“People want to know when they will have a job. Until America has a credible solution to its debt problem, people will be afraid to invest in America.” Here, Schaeffer could have asked: name one investor who wouldn’t create a job in the US because of the national debt. Read the rest of this entry »
July 15, 2011
We have reached the nadir of the dumbing down of American politics. The path was cleared by ideologues: and why should the devastation not be delivered by the conservative right holding the Book of to their American flag lapels? I am half-tempted to go along with the Ron Paul wing of the Republican Party and let August 2nd come and go: just like Y2K right? (On Jan 1, 2000 apocalypse was predicted when computers would all shut down or short circuit because they had not been programmed to accept the millenium date. If you don’t know what happens on August 2nd, stop reading now.)
Republican brainiacs believe they can pin “this budget thing” on President Obama and the Democrats, but if there is no resolution to the budget and debt ceiling crisis, expect a stock market crash of at least 20 percent off the bat. No one thought home values could be worth only half of what they were, five years ago. Let the GOP masterminds like Karl Rove explain how it is the Democrats’ fault our savings turn out to be worth only half of what they were.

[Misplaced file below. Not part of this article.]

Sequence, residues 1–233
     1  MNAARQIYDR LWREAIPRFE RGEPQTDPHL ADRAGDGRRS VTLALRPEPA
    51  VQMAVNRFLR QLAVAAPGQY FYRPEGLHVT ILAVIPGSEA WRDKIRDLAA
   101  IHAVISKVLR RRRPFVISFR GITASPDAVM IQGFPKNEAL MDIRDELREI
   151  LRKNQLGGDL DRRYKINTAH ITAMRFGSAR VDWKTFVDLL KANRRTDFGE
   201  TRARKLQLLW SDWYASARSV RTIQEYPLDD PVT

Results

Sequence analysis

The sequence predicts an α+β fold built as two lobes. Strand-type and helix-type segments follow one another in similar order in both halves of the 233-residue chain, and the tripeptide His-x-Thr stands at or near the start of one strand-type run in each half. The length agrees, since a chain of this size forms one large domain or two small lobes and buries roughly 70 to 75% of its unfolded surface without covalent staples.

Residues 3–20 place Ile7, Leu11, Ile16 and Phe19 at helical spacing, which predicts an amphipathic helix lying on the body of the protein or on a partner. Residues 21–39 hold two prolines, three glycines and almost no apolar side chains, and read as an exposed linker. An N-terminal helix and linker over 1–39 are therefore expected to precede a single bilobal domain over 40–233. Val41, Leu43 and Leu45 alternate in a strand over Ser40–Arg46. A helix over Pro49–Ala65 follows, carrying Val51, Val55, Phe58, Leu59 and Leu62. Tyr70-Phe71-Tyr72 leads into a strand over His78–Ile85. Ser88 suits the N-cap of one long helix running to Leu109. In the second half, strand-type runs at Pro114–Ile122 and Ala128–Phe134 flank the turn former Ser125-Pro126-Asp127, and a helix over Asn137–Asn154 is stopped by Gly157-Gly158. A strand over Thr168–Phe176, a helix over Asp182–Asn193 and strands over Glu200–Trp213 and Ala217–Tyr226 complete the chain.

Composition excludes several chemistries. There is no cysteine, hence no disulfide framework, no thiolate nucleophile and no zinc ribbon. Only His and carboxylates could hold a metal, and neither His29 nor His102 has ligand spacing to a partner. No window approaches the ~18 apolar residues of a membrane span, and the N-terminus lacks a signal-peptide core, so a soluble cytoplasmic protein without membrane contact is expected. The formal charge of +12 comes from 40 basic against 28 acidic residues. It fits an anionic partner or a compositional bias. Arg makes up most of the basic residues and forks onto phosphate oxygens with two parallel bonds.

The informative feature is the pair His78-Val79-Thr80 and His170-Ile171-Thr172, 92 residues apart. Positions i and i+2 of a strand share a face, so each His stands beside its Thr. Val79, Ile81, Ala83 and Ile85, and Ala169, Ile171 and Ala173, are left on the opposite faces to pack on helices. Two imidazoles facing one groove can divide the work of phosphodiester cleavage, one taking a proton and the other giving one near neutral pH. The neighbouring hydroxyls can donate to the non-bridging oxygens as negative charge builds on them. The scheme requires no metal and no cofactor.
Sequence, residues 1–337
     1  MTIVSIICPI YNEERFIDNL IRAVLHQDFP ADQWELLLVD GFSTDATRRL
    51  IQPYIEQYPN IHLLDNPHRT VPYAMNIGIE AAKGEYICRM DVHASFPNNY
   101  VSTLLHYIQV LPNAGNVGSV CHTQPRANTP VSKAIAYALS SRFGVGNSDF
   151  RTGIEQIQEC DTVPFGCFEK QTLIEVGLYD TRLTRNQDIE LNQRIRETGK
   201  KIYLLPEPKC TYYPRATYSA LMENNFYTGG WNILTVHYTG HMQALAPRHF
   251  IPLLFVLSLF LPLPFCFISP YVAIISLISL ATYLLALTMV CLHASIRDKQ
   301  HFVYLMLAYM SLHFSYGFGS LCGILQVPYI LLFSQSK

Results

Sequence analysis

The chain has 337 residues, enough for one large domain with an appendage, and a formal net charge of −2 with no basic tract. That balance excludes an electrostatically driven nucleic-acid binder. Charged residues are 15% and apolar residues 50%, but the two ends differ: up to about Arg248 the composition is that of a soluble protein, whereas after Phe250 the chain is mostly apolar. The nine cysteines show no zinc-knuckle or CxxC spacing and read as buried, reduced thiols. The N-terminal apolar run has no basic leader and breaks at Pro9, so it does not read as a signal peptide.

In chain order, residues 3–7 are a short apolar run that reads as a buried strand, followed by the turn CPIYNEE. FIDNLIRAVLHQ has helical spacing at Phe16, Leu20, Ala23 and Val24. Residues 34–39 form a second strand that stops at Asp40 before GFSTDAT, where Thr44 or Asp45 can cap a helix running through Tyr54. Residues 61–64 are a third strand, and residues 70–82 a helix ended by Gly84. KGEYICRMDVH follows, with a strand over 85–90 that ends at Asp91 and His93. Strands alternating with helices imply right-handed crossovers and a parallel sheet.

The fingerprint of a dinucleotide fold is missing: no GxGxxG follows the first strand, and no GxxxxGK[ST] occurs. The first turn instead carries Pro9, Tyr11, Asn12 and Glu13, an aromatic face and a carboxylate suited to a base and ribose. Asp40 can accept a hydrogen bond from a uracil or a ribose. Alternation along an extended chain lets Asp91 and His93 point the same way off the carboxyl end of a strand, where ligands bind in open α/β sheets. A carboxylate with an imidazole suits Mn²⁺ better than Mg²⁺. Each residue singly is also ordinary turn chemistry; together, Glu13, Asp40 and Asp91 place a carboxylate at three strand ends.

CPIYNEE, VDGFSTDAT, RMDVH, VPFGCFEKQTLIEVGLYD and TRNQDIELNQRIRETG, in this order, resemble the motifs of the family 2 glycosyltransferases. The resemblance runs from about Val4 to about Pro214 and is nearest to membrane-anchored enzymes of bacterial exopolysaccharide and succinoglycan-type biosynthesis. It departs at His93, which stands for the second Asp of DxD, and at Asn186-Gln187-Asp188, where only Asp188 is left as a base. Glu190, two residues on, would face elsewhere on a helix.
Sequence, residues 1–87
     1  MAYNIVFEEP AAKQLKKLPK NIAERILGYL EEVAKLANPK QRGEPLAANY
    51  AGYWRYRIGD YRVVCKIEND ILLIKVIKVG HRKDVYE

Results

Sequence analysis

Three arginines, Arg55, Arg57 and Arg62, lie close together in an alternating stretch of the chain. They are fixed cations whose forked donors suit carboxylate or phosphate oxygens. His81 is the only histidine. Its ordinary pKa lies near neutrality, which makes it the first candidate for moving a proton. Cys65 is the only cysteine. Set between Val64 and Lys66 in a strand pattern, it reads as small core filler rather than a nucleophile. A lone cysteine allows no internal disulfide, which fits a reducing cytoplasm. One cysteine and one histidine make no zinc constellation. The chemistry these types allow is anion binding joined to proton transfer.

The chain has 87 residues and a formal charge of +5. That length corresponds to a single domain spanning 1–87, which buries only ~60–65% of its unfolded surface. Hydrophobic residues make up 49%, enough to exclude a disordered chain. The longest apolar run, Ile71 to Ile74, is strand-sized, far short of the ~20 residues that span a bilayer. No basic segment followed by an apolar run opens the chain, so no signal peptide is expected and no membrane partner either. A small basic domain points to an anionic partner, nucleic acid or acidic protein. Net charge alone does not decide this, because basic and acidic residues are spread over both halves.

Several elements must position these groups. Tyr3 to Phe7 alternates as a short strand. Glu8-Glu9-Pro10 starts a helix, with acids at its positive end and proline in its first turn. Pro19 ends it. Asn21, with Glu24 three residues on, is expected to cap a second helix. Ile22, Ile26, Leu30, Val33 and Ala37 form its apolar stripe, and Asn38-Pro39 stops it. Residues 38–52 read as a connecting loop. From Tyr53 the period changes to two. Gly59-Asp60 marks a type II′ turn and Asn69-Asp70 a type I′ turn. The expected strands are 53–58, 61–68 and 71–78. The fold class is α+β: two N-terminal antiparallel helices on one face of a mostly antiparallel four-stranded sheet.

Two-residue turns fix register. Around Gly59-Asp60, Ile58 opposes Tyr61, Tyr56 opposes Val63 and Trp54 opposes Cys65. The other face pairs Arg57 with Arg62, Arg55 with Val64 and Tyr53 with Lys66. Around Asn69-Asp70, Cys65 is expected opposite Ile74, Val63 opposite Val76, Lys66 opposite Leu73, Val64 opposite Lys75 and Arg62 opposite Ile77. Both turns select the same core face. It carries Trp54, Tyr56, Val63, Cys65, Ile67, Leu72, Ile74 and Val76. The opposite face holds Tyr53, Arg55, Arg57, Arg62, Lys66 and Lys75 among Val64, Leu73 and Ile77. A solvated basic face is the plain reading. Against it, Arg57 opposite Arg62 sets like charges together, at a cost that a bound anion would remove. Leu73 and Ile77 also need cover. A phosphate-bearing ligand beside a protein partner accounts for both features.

That the Republican Party turned into a party of unrecognizable extremists didn’t happen overnight. For those who thought Grover Norquist was just trying to shrink the size of government, look at the consequences of the decapitations that are working themselves out in slow motion. Turn, for example, to Florida’s GOP wrecking crew in the House of Representatives.